As protesters demanding for universal suffrage continue to occupy streets in various parts of Hong Kong, some in Taiwan are keeping a close eye on the event.
The slogan "Today Hong Kong, Tomorrow Taiwan" is used by Taiwanese campaigners who feel that Beijing's refusal to allow a free vote of the territory's government will be seen on the island should it come back under mainland control.
Beijing has offered Taiwan - which split ways with China in 1949 during a civil war - the "One Country, Two Systems" formula and hopes that the integration of once-colonial Hong Kong will convince the self-ruled island to return to Chinese rule. However, Beijing has never renounced the use of force to reunify Taiwan.
For the past week, rallies in support of Hong Kong's civil disobedience movement have sprouted across the country, with the largest turnout seen in Taipei's Liberty Square. Thousands turned up at the night rally Wednesday donning yellow ribbons and umbrellas - symbols of the "Occupy Central" protest.
Taiwan's President, Ma Ying-jeou, said Monday that Hong Kong's call for free elections had his full backing. The island's opposition Democratic Progressive Party also said that if China disregards its promises to Hong Kong, Taiwan will have to give "a second thought on the promises" made to them.
Political analysts say the protest which has caused a standstill in the heart of Hong Kong is a setback for Beijing's efforts to win over Taiwan.
"What's going on in Hong Kong makes Taiwanese more wary of a reunification. They have longed rejected the 'One Country, Two Systems' model as certain elements like stationing the People's Liberation Army in Taiwan soil is an absolute 'No'," said James Tang, professor of Political Science at Singapore Management University.
Chinese President Xi Jinping has reiterated the model as the basic principle to resolving issues with Taiwan at a recent meeting with a faction that supports the island's reunification with China.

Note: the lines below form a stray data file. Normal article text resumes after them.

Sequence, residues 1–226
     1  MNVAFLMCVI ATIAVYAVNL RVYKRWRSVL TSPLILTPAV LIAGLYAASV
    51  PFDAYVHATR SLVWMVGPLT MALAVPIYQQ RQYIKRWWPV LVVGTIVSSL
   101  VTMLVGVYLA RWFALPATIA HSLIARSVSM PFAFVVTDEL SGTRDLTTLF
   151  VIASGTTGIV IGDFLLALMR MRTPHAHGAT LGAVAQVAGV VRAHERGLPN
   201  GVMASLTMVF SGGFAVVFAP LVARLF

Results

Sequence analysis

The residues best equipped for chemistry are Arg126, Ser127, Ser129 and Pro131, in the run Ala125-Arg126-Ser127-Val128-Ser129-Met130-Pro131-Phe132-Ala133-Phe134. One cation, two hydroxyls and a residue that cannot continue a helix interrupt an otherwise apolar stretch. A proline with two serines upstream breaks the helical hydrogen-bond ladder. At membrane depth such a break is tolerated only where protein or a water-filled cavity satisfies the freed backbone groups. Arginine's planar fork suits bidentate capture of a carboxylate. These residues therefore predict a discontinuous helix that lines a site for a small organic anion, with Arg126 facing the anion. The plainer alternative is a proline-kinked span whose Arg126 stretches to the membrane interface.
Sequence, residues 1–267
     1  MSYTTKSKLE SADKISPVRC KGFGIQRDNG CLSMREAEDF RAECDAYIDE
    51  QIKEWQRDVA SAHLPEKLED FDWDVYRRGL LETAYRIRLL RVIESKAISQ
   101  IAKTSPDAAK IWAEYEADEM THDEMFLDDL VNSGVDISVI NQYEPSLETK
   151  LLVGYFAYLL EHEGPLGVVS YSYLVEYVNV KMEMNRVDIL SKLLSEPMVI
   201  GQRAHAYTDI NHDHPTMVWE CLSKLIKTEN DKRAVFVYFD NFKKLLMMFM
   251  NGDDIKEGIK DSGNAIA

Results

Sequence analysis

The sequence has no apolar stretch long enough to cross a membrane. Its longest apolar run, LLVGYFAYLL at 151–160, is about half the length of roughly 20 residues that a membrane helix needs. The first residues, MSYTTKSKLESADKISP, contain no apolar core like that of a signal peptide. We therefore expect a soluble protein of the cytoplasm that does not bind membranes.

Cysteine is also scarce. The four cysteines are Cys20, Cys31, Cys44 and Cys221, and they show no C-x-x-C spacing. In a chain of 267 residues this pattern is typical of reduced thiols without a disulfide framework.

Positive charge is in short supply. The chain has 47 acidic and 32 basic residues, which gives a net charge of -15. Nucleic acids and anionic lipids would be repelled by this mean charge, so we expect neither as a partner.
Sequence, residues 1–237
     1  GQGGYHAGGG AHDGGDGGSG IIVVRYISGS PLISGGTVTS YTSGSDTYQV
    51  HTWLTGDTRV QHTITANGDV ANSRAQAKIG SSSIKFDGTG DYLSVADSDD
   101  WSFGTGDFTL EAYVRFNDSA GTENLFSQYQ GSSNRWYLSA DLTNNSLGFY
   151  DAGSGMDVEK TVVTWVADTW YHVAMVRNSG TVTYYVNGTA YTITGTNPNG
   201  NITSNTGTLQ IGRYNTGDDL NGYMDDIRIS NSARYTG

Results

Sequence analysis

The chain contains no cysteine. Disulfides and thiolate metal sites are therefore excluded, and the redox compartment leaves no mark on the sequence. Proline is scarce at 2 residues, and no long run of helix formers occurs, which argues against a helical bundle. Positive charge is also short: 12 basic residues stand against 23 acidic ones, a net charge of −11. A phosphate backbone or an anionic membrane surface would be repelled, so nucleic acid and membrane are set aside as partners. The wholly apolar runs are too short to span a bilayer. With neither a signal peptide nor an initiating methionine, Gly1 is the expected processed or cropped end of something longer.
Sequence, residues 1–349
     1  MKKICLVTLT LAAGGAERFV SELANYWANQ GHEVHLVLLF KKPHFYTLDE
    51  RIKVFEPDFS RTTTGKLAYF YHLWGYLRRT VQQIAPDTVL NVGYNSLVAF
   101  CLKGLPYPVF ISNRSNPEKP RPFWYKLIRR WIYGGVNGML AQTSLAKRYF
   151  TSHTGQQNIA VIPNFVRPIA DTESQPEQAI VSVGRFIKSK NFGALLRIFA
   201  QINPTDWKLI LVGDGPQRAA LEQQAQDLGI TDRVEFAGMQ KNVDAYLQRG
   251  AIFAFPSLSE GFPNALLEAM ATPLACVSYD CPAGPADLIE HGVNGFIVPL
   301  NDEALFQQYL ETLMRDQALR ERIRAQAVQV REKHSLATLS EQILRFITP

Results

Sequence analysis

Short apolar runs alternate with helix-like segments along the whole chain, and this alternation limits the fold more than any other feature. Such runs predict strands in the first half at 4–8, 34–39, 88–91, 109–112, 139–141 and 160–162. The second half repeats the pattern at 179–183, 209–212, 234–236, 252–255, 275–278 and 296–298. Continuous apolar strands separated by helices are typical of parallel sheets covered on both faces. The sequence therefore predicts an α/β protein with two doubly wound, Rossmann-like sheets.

"It is ironic for Xi to be advocating this. The extremely limited democracy given to Hong Kong suggests that Taiwan will find it difficult to maintain its current system if comes under China," David Zweig, director of Center on China's transnational relations at the HK University of Science and Technology, told CNBC.
Ketty Chen, director of Research at The Association of Public Issues Studies believes Xi's statement indicates that Beijing is taking a harsher position towards Taiwan.
"The series of protests against the Cross-Strait Service Trade Agreement are all reasons for Beijing to panic and come to the realization that the Taiwanese simply do not want to be part of China," wrote Dr Chen via email to CNBC. "Will this harsher stance work? I don't believe so. As we seen, after Xi made his statement, both leaders and politicians from political parties, and government in Taiwan have iterated the fact that 'One Country, Two System' will not be accepted by the Taiwanese."
Voices from Taiwan
Earlier in March, opposition against a trade deal with the mainland sparked an unprecedented student-led protest, dubbed the "Sunflower Movement" in Taiwan. Tens of thousands of people gathered at the island's legislature and the area around it for nearly three weeks.
A 23-year-old undergraduate who participated in the March demonstrations told CNBC that he is supporting the ongoing protest in Hong Kong. "Taiwan needs to stand behind the protesters in Hong Kong because we share the same fate. China is threatening the freedom and democracy we have and we need to them know that they can't force their way on us," Kang said.
Taiwanese have also taken to the social media to express their support for protests in the territory.
However, there are some in Taiwan who fear that growing antipathy towards the mainland could ultimately hurt the island amid warming cross-straits economic ties under the Kuomintang administration in recent years.
Kenny He, sales manager of a local logistics firm told CNBC: "Over the past year, my business with the mainland has been growing and I'm not sure whether these protests will anger [Beijing]. Taiwan's economy isn't doing as well as before so I think we have to be pragmatic, whether we like it or not."